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reference:attachment_processing

Settings -> Attachment Processing

The Attachment Processing page allows you to configure VPOP3 to perform two distinct functions on messages that contain attachments:

Filtering

The Filtering tab is divided into four main sections:

Attachment Filtering

Attachment filtering is applied when a new message is received by VPOP3. The Attachment filenames to filter box allows you to use basic pattern matching, so that VPOP3 will only filter certain attachments; for instance, if there is a particular filename extension, which would enable a malicious file to accidentally be run by the recipient.

The syntax for pattern matching is to type specific characters, where they will appear, and substitute a single, but unknown character with ?, and substitute an unknown number of characters with *.
e.g. ?x*.txt will match filenames such as example.txt and Oxford.txt, but because the ? character will only represent a substitution of one character, it will not match Texas.txt

Default filtered filenames

Pattern Explanation
*.vbs
Files with a .vbs extension will typically run as Visual Basic Scripts.
*.{????????-????-????-????-????????????}
Filenames ending in a GUID (Globally Unique Identifier) - These files could instruct Windows to open the file in a particular program, or as an executable, irrespective of the actual filename extension. Note: GUIDs only contain hexadecimal characters (numbers 0-9 and letters A-F), but this pattern would also match for non-hexadecimal characters.
*.hta
Files with a .hta extension will typically run as HTML applications; potentially allowing the use of JScript and VBScript.
*.???.???
Files with a 'double' filename extension are commonly used to distract the recipient. For example, by naming a file photo.jpg.exe, the sender could exploit users who do not have the technical knowledge to realise that the file is an application and not a picture.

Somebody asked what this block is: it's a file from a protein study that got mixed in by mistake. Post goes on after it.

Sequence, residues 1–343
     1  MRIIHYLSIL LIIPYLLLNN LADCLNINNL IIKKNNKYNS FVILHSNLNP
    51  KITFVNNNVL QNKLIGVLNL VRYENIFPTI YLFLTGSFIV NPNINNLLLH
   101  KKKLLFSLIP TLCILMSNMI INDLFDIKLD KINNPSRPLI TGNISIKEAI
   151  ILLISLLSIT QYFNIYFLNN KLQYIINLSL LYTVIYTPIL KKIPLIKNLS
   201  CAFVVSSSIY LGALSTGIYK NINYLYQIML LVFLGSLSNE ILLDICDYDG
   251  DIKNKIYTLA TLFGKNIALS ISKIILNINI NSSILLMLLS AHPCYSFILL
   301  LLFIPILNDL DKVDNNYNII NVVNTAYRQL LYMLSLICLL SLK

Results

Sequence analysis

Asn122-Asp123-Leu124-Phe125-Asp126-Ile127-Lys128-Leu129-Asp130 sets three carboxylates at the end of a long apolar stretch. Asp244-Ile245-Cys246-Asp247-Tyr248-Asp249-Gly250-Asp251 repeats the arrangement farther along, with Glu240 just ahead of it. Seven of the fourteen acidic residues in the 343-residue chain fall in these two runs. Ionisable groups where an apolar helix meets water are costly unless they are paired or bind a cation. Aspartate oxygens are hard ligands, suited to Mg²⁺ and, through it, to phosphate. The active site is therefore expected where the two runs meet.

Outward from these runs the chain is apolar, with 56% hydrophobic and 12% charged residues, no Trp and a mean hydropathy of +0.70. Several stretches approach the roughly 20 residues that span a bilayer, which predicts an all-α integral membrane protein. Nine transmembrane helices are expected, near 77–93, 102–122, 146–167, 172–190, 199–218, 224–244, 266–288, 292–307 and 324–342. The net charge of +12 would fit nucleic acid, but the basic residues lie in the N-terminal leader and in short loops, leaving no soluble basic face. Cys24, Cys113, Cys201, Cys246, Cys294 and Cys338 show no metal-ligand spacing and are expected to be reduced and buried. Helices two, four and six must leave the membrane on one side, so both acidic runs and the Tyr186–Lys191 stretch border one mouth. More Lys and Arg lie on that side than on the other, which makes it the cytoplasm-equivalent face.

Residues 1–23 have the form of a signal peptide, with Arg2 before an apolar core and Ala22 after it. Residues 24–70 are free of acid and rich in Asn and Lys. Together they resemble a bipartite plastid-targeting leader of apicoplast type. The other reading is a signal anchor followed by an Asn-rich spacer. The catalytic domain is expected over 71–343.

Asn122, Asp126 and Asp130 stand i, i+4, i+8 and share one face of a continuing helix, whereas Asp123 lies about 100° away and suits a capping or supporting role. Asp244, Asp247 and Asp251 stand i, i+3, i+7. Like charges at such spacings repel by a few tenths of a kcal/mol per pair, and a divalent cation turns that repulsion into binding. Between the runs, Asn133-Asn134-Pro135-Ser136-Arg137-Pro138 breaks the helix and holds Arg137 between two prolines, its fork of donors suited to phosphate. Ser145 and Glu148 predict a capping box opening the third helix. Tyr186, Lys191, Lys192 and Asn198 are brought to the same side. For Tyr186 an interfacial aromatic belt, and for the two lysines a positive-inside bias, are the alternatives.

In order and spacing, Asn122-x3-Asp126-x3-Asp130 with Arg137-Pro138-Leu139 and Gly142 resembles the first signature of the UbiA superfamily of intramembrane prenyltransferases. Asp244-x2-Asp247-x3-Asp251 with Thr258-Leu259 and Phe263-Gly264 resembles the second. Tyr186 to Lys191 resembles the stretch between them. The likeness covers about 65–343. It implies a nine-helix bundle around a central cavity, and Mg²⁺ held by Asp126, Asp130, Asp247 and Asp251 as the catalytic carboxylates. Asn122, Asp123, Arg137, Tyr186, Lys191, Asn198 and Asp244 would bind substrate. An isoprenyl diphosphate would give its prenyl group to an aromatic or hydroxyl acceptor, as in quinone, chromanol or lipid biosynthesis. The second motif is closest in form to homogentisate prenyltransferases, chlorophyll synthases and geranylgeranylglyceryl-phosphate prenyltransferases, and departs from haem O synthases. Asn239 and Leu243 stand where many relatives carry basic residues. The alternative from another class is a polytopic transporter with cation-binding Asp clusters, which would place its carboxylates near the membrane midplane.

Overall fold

*          *.*
Files with at least 10 consecutive spaces in the filename. There are few legitimate reasons for using 10 consecutive spaces, so it is likely to be an exploit attempt. Using a lot of spaces may obscure the filename extension in some mail clients, or may make the attachment look like two distinct files.
*.
Windows will disregard the dot at the end of a filename, so there is very little reason for a filename legitimately ending with a dot. An attacker may try using a dot at the end of the filename, in order to circumvent other filtering rules.
*.pif
Files with a .pif extension will typically be Program Information Files for DOS. They can be used to transmit viruses.

There are two checkboxes in this section:

  • Filter attachments in ZIP files - If the incoming attachment is a Zip file, checking this box will instruct VPOP3 to filter the contents of the Zip file. Note: VPOP3 would not look for files contained within Zip files that are themselves contained within another Zip file.
  • Block password protected ZIP files - VPOP3 is unable to inspect the contents of a password protected zip file, so checking this box will instruct VPOP3 to automatically filter all password protected Zip files, as a precaution.

Incoming Messages

There are various attachment processing options for incoming messages:

  • Check incoming attachments - Whether filtering is enabled for incoming messages
  • Remove filtered attachments from message
  • Change filtered attachment extension to make it unrunnable - This is achieved by replacing the final character of the filename extension with an underscore (_). Users should be able to open the file by renaming the extension, but this extra step will normally deter users from opening the file, unless they know what they are doing.